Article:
Program facilitators met with homeowners of each property to assess rain garden location and size, designs, and any plants that they might want in their gardens, as well as to cover the maintenance and upkeep of gardens and the monitoring process. Relationships with local businesses were cultivated to ensure access to native plant species for gardens, while compost and mulch was provided free of charge by the Town of Sackville. The local utilities company was contacted prior to the excavation of rain gardens to locate any utility lines that may be on the property of local participants.

Through years 1 and 2 of the project, sites for the larger ‘depaving’ project were assessed for price and suitability. This included working with the Town of Sackville on both location and design. The onset of Covid-19 impacted the ‘depaving’ of one of the sites selected in year 2 of the project. A secondary site was located in the Village of Dorchester, ‘depaved’, and converted to a rain garden where over 300 native and non-native plants were planted. The 125.42 sq metre rain garden is being monitored and maintained by volunteers of the Village of Dorchester.

Further, EOS Eco-Energy organized and hosted a series of workshops on climate change, eco-anxiety, and adaption issues in the community. Despite the challenges presented by Covid-19 in regards to in-person gatherings and workshops, the education program over the 3-year period of the program, was able to reach over 3000 people, surpassing the initial project goal.

Outcomes and Monitoring Progress

Monitoring over the course of the project included several key steps:

  1. Visiting the gardens throughout the summer and fall.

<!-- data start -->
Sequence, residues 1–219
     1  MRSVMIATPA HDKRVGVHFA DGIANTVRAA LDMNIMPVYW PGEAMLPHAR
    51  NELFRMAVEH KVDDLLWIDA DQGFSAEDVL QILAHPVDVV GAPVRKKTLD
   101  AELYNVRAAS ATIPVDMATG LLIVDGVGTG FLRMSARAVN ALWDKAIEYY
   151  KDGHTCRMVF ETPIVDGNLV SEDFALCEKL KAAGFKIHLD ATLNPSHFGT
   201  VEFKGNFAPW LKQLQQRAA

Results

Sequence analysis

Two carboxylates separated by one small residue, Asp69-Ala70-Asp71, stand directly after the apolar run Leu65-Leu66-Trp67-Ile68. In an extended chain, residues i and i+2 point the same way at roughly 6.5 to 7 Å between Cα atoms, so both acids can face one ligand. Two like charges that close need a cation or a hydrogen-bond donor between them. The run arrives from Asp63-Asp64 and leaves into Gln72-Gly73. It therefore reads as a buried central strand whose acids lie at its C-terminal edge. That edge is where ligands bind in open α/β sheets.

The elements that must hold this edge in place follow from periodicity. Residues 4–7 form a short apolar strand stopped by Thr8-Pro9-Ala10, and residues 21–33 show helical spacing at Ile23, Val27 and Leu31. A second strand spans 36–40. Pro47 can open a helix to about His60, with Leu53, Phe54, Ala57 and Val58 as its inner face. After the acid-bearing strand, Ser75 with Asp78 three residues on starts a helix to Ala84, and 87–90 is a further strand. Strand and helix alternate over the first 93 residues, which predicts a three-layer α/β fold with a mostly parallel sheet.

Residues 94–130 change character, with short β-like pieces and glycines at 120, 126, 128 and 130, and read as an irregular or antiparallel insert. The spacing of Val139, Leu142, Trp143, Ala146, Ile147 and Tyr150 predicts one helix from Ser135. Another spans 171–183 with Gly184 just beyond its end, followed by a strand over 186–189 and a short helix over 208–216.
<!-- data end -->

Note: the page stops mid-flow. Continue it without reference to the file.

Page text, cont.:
2. Taking photos at about 3 months.
  3. Speaking to homeowners to see how their gardens did through large rain events and drought periods.
  4. Monitoring community rain garden sites during rain events, taking photos.
  5. Monitoring of volunteer and homeowner behaviour changes

Follow up surveys and visits were done in spring with homeowners who participated in previous years to see how their gardens were doing since planting. EOS Eco-Energy staff also checked to see if homeowners had taken any additional steps to reduce flood risk, conserve water, or use rain as a resource.

Monitoring efforts tracked:

  • Area of habitat restored
  • Native plants planted
  • Percentage of plants that survived first winter
  • People reached via project activities (education and promotion)
  • Jobs created
  • Volunteers
  • People who modified behaviour

Next Steps

EOS Eco-Energy highly recommends the planting of rain gardens locally and across Canada. They are easy to dig and plant and have multiple benefits for freshwater management and help to build community resilience to climate change. The native, water-loving plants have deep roots and help increase the permeability of the soil. Additional sites in Sackville, NB for more rain gardens were noted throughout year 3 of the project. These sites became known to EOS Eco-Energy either by noticing more areas that flood during rainstorms, or from more homeowners requesting a rain garden later in the year. Sackville locations include sites along Pickard Place, King St, Salem St and the lower side of Estabrooks St. There is a lot of potential to continue planting more rain gardens in the future in Sackville, NB.